Top Ten Magic The Gathering Cards
If you're looking for cards to build decks around? Look no further. Below is a list of the top ten Magic The Gathering cards to build amazing decks around.
Primordial Hydra is an amazing card.
Not only is it's summoning cost low, the effects are great. Using three mana, the card comes in as a 3/3--of course, you could use more mana (X could be any number of mana) and make it stronger. Every turn, those counters double. So, if you start out with a 3/3? Double that and, in one turn this creature becomes a 6/6.
Once this card has ten counters? It gains trample.
Trample is great to have; even when block, your opponent still takes damage. For example: If your card has ten attack, and your opponent only has a creature with a three attack? Your opponent is still taking seven points of damage.
Laboratory Maniac might not seem like much at first. I know, he's a 2/2 for three? Silly, right? Wrong.
In a Mill deck, Laboratory Maniac shines. If you have no library and you have Laboratory Maniac in your hand? You play him and win the game. It of course, wouldn't be Magic The Gathering if there weren't other cards that had similar effects as Laboratory Maniac. If your tactic is to mill yourself out?
Well, this is the card for you.
Door To Nothingness
It's easy to see why Door to Nothingness is on this list: sacrifice this artifact and you win; it's kinda like the Exodia the Forbidden One of Magic The Gathering.
Of course, it wouldn't be Magic if there wasn't a catch: to use this effect, you have to two of each mana type (water, light, swamp, forest and mountain). It's worth it though, for a quick win.
For an older card, Forsaken Wastes is worth it.
With a low summoning cost, this card is all about control. Players cannot gain life and players lose one life during each upkeep.
Now, the cons to this card? Is that it effects you as well. Don't let that stop you from using this card though! If you have the right deck, you can hold complete control over your opponent and easily win the game.
Besides, there is that last effect: if it is the target of a successfully cast spell? The caster loses five life. And five life is totally worth it.
I'm a fan of Mill decks and this card? Has won me plenty of games.
Psychic Spiral may have a high summoning cost, but it's good to have this card as an ace in the hole. If you're getting milled (or milling yourself), play this card when your library is low. Once this card is played, you shuffle your graveyard back into your deck and, your opponent must discard how ever many cards were in your graveyard.
In a sixty card deck, if you have fifty-nine in your graveyard? Next turn, it's your win.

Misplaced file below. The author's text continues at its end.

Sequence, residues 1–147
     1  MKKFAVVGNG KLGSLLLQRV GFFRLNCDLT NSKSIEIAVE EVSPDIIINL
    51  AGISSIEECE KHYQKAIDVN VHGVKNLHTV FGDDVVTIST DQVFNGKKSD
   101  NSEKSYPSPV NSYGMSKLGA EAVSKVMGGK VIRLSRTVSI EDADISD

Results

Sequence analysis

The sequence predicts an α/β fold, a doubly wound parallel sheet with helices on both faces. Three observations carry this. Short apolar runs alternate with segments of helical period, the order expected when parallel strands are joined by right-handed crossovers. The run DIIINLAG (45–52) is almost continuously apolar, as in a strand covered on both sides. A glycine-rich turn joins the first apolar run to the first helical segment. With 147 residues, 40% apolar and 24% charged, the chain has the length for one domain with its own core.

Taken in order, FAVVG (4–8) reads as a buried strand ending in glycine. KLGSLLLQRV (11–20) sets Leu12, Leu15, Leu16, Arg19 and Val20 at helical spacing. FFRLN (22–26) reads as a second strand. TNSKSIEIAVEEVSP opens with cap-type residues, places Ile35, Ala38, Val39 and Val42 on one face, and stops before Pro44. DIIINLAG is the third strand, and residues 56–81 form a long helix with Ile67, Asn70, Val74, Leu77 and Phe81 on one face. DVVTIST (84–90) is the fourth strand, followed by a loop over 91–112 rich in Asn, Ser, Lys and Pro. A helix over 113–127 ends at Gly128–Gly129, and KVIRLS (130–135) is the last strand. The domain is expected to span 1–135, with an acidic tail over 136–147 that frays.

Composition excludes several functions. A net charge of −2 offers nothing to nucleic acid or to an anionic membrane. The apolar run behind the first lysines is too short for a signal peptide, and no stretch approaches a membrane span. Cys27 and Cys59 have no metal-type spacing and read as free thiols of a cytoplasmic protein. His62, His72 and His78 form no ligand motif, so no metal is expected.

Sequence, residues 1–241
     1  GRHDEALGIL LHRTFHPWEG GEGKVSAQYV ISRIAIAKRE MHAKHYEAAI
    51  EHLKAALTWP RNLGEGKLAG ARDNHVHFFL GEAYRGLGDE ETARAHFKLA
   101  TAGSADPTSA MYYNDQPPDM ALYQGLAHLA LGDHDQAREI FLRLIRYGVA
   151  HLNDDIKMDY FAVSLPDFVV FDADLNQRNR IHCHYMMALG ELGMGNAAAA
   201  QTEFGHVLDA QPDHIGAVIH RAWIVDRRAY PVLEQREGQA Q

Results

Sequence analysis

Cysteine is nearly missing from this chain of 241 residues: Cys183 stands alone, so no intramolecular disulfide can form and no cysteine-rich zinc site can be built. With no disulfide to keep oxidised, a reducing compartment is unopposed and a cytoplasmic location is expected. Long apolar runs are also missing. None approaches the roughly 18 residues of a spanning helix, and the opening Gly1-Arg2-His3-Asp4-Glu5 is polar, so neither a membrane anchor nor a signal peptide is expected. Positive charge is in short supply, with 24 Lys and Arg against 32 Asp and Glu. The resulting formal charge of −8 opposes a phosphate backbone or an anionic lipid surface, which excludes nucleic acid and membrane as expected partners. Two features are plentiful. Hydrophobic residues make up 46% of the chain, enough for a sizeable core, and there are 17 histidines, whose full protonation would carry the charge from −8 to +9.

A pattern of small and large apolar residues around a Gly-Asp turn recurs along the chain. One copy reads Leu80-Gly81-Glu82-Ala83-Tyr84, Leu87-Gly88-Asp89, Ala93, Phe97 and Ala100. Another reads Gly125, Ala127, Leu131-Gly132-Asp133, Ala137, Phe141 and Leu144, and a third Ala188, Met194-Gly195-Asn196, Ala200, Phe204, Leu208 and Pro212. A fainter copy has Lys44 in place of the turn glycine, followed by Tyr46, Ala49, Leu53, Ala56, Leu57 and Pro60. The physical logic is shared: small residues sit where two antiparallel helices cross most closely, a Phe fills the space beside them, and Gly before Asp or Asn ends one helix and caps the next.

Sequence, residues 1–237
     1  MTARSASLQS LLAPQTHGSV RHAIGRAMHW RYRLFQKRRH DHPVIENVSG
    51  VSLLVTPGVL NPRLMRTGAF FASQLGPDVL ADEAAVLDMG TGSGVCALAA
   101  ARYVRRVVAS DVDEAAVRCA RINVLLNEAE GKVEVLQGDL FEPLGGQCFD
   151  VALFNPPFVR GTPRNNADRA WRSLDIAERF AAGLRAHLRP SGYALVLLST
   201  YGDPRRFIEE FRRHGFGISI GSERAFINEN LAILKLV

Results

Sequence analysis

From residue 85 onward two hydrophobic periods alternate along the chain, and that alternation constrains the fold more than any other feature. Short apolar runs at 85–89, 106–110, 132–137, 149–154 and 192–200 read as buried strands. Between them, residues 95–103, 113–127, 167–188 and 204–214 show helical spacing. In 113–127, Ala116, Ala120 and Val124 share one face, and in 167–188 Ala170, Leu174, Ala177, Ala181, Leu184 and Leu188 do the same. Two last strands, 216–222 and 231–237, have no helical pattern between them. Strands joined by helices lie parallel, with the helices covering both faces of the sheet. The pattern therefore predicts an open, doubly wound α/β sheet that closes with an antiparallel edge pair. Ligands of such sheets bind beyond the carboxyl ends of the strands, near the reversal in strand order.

Without it's effect, Corpsejack Menace isn't a bad card. How could anyone complain? Four mana for a 4/4?Add in this card's effect? And it makes it even better.
Corpsejack Menace doubles counters. So, if you add a +1/+1 to a creature, that +1/+1 becomes a +2/+2.
Now, in a deck, on its own? This card is better used for its power (4/4? That's a strong card). If you pair it in a deck with, say a Hydra or a scavenge deck? This card truly shines.
Remember, it doubles counters.
Varolz, the Scar-Striped
Three mana for this card is a steal!
Varolz, the Scar-Striped gives the cards in your graveyard scavenge.
Scavenge is a way to build up counters and, a lot of them too! If your creature has a power of 3? You get three +1/+1 counters. That'll turn a 2/2 into a 5/5. That's by only scavenging one card!
To scavenge, you pay the mana cost of a card in your graveyard; you then exile the card from the game.
With Varolz, the Scar-Striped, all cards in your graveyard have the effect of scavenge. He might be only a 2/2 but, he's worth it.
Plus, if you sacrifice a card? You can regenerate him. Cool, right?
Vraska the Unseen
Vraska the Unseen isn't a creature. She's a Planeswalker; she doesn't have a power or toughness: she works with loyalty counters.
Now, how you can take or add these counters on. Just remember: you can never take more counters than what you have on the card. When you take seven counters from Vraska, you get three 1/1 assassin creature tokens.
This may not seem like much, but it's the effect these tokens have that makes this card awesome (not, of course, that her other effects aren't great because they are): "Whenever this creature deals combat damage to a player, that player loses the game."
If that's not awesome, I don't know what is.
Jarad, Golgari Linch Lord
Jarad, Golgari Linch Lord might not seem like much but! Don't scoff at his low 2/2. He gains +1/+1 for each creature in your graveyard.
That's not why he's on this list. It's his second effect that earns him the honors to be here.
If you pay three mana (in the right colors of course) you can sacrifice another creature and, that creature's power? Is how much life your opponent loses. Just to give an example: if you sacrifice a creature with the power of 5? Your opponent loses 5 life.
Sure, he might cost a lot to summon, and it might even be a pain to use three mana to use his second effect. I think it's worth it.
The last card in this list is: Slaughter Games!
For four mana, you can choose a non-land card and have your opponent exile them. It's not just one card, nor is it two: it's every card your opponent has with the name of the card you choose. That's every. Single. Card.
If it shares a name? It gets exiled from the game; it can no longer be played.
To me? That's totally worth four mana.
Magic the Gathering is an amazing game. It deals a lot of tactics and strategy.
This list? Is simply from my own opinion and what I found works for me. Just remember: while these cards are good on their own, in a deck built around and for them? They truly shine and become great.
Take your time, explore the depths of this great game and as always: have fun!